2.4 ITCH

ITCH, a member of HECT-type ubiquitin E3 ligases, plays a significantly role in regulating cell growth and apoptosis [25]. In melanoma, ITCH mediates BRAF polyubiquitination through the K27-linkage result in sustained activation of BRAF/ΜEK/ERK signaling, which leads to the survival of melanoma cells [26]. Moreover, ITCH can be regulated by microRNAs (miRNAs), such as miR-10b and miR-520f, and then be involved in the melanoma proliferation and metastasis [27, 28].

2.5 UBE2C

UBE2C belonging to the E2 family is operating in combination with the anaphase-promoting complex/cyclosome (APC/C) E3 ligase. It regulates the cell cycle through mitosis via destructing mitotic cyclin B1 [29]. Silence of UBE2C induces G2/M phase arrest of melanoma cells by suppressing both the level and the activity of M-phase-promoting factor (MPF), a complex consisting of CDK1 and cyclin B1 [30, 31].

2.6 UBE2S

Ubiquitin-conjugating enzyme E2S (UBE2S) belongs to the E2 protein family, and is involved in development of various cancers. Recently, it has been shown that UBE2S plays a vital role in regulating DNA damage-induced transcriptional silencing, by catalyzing Lys11-linkage ubiquitination [32]. Another recent research showed that UBE2S is overexpressed in melanoma, and the expression was significantly related to the cancer staging and grading, with a higher magnitude found for tumor node metastasis staging T4. Moreover, silence of UBE2S may cause melanoma cell proliferation inhibition via inducing cell cycle G1/S phase arrest, and cell apoptosis. In BALB/C nude mice, shUBE2S can suppress tumor growth and inhibit epithelial-mesenchymal transition (EMT) [33].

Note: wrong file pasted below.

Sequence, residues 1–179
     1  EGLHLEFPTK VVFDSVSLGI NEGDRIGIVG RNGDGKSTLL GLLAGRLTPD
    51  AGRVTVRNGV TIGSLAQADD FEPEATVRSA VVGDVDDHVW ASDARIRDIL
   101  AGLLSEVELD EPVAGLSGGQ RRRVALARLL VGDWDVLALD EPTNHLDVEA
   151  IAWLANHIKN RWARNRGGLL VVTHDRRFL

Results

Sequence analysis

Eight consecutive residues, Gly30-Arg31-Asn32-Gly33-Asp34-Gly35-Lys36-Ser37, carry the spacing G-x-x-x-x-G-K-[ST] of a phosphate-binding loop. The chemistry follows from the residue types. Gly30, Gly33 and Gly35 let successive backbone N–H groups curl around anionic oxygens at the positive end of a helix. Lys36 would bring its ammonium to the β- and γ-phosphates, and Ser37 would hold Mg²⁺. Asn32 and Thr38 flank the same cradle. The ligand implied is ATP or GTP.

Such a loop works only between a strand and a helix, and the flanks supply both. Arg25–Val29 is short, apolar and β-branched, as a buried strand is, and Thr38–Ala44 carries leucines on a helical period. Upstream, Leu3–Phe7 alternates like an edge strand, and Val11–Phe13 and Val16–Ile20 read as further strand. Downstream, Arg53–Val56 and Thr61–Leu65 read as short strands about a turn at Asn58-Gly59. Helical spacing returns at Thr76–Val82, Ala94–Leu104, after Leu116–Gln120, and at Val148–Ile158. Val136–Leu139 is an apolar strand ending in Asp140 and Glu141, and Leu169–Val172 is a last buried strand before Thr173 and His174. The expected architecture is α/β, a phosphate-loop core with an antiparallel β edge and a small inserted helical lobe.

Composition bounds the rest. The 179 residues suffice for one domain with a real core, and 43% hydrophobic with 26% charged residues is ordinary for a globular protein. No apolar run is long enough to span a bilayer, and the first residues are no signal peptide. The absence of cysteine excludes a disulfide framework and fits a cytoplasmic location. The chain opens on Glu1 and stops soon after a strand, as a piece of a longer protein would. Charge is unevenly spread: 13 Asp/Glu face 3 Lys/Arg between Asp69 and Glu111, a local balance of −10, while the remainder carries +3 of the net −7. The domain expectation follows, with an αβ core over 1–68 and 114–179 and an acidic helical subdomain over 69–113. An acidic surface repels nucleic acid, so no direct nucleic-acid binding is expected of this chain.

2.7 MKRN2

Makorin ring finger protein 2 (MKRN2) is known as a novel ubiquitin E3 ligase, and is capable of targeting the p65 subunit of NF-κB [34]. Research indicates that there is a greater expression of MKRN2 in melanoma cell lines relative to normal skin cell lines. The silence of MKRN2 can inhibit melanoma cell growth in a P53-dependent manner. Moreover, MKRN2 can interact with ubiquitylated P53 [35]. This study suggests that MKRN2 may be a potential therapeutic target for melanoma.

2.8 Ub-like proteins

There are also several ubiquitin-like proteins (UBLs) in addition to Ub, such as NEDD8 (neural precursor cell expressed, developmentally down-regulated8), SUMO (small ubiquitin-like modifiers), and ISG15 (interferon-stimulated gene 15).